The last time I was in London, it was the weekend that all heck broke loose on the financial front, Sept 12-14, 2008, one in which I felt like the roulette wheel in life's casino.
I'll never forget sitting in the Admiral's Club at the Austin Bergstrom airport, trying to get some work done when I couldn't but overhear the guy next to me leaving a long-winded voicemail for his client, trying to reassure said client that he fully expected his company to be a viable and going concern the following Monday, and that his money was fine.
I'll give you one guess about the company.
Yes, it was Lehman Brothers.
That Monday, I wrote this post joking that perhaps my money would be safer in an anonymous Swiss bank account or on the "Come" line of a Las Vegas craps table.
As it turns out, option E might have served me best (sitting in a non-interest bearing PayPal account...at least then it wouldn't have had the chance to go south).
Of course, all these financial shenanigans pale by comparison to what Winston Churchill had to contend with as World War II began to emerge in 1939-1940.
I had the occasion when I landed here over the weekend to visit the Cabinet War Rooms on Whitehall, where Churchill spent much of his time during the London Blitz and where he and his team managed the war effort.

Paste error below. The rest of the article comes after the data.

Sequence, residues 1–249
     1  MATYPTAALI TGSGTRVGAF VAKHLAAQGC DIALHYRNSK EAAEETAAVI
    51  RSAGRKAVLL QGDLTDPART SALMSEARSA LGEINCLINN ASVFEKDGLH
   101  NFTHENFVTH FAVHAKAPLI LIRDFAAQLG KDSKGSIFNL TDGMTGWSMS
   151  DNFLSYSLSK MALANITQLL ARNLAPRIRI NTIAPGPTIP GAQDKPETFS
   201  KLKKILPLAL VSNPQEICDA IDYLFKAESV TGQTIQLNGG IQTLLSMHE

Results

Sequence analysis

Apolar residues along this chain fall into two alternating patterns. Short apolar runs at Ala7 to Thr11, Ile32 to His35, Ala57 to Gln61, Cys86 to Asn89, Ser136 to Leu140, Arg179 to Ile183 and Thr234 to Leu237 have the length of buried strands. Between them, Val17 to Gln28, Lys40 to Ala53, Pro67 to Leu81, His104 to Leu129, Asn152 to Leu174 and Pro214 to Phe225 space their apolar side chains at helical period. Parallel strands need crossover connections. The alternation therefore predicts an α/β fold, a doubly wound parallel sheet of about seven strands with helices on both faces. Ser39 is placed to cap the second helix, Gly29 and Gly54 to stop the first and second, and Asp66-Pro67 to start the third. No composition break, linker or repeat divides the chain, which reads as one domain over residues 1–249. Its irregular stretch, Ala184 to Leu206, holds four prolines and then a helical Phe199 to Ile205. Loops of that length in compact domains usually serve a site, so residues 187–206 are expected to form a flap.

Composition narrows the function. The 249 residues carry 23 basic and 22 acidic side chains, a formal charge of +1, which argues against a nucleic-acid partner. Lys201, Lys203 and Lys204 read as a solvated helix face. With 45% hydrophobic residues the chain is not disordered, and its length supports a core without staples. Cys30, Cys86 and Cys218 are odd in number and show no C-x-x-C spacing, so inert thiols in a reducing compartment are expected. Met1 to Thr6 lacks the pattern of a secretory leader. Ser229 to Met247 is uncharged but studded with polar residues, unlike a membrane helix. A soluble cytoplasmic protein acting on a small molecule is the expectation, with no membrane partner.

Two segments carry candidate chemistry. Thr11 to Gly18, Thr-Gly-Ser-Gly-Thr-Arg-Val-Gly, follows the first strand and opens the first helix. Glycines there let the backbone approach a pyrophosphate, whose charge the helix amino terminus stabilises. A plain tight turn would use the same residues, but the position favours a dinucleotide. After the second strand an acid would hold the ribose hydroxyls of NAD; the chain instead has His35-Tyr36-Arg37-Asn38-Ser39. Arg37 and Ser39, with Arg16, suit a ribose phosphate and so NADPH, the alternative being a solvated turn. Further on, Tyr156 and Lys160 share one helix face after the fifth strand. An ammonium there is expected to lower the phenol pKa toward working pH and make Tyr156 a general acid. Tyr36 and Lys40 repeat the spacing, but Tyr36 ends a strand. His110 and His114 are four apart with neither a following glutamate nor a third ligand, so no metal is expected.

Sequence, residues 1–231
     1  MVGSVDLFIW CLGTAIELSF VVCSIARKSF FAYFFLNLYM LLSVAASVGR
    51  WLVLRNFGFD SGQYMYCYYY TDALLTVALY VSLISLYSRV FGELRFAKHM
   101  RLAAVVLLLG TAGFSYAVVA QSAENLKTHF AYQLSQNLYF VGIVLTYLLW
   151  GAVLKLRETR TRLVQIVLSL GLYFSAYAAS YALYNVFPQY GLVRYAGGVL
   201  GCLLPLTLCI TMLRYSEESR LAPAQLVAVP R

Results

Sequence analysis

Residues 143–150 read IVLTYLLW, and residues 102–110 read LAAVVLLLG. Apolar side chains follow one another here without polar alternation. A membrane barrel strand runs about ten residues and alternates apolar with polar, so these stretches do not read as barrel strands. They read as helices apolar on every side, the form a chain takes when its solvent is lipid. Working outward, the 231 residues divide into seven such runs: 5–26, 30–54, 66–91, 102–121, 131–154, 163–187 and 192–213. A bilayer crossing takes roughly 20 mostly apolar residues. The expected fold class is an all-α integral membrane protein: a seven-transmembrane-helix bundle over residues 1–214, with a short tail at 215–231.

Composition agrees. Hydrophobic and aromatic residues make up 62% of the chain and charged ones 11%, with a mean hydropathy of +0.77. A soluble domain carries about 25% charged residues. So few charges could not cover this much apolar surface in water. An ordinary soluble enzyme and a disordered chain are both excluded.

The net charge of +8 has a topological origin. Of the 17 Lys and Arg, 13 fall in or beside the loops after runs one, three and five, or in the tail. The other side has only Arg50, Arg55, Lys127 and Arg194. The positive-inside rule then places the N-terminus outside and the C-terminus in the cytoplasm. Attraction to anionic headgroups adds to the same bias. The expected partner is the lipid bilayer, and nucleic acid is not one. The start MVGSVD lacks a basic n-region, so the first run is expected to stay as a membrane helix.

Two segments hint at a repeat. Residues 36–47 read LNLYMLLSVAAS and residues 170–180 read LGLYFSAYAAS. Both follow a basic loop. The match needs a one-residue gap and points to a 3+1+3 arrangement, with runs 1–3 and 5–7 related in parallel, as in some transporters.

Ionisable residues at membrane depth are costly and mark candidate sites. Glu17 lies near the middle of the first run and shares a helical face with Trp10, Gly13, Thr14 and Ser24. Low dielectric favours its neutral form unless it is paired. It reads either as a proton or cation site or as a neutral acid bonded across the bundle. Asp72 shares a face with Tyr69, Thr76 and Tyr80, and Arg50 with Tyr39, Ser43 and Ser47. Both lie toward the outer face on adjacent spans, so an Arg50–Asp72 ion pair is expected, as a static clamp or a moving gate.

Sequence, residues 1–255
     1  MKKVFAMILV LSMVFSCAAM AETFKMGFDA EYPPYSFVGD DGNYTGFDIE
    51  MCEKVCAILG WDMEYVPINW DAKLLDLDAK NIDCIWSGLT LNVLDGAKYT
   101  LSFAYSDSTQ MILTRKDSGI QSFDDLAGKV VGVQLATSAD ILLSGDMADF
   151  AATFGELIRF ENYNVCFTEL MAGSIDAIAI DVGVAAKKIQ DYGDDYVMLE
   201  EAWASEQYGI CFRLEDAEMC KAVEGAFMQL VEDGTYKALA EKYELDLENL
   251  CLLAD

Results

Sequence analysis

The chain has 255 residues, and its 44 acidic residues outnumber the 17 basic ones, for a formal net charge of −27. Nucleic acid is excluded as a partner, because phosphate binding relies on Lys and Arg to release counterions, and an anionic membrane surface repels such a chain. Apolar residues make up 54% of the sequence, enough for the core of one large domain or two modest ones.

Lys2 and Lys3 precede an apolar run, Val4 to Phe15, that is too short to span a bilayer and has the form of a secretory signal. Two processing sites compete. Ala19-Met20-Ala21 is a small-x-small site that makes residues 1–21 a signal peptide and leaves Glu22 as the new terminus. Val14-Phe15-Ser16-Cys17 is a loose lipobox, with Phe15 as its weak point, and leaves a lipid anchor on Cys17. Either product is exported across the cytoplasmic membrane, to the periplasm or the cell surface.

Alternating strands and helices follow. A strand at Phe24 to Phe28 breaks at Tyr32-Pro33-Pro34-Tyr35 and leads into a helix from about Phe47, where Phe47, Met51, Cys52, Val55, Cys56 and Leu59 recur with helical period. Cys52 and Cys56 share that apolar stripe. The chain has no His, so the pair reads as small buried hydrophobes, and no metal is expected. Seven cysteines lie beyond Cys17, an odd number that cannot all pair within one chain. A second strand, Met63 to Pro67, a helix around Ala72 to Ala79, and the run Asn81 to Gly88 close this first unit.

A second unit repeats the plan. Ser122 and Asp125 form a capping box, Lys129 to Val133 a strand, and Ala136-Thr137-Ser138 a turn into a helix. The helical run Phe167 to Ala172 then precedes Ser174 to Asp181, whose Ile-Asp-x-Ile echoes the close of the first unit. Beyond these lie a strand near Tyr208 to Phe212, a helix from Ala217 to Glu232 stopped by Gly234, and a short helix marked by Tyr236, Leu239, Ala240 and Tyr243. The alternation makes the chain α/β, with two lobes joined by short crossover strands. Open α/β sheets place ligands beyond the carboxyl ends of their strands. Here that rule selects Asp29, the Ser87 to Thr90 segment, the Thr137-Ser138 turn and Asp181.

If you've visited there, you know there's one small, near-hidden room which Churchill used to make private and direct trans-Atlantic calls to President Roosevelt to discuss the progress of the war.
By today's communications standards, a single telephone link between two continents seems mundane, but that connection helped two Allies maintain an open line of communication during a very critical time.
Much as Twitter, Facebook, TOR, and other online communications capabilities have facilitated the global dialogue between the world and the people of Iran during this past week of turmoil in Iran.
No matter your position on the outcome of the election there, it's become self-evident over the last couple of weeks that try though one might to put the genie back in the bottle, the world has reached a new echelon of transparent communications.
We're now in a world where, facilitated by mobile Internet technologies, it's impossible to entirely contain the individual cells of a governing organism, and that those technologies can make vital the opportunity for those cells to restructure and reorganize in a manner that helps raise their common interests to the fore.
Regardless of the outcome in Iran this go round, I suspect this opportunity by the people to revisit and question the incumbency will create a viable precedent, the impact of which will only be heightened by future digital communications technologies.
As Churchill himself once said, a fanatic is one who can't change his mind and won't change the subject.
And in Iran, the current subject seems to be the subject of change.
As to me, while in London I'll be keeping my eye on the stock market (and the final round of the U.S. Open, and the opening days of Wimbledon), and on Twitter...but I will stay far, far away from the casinos.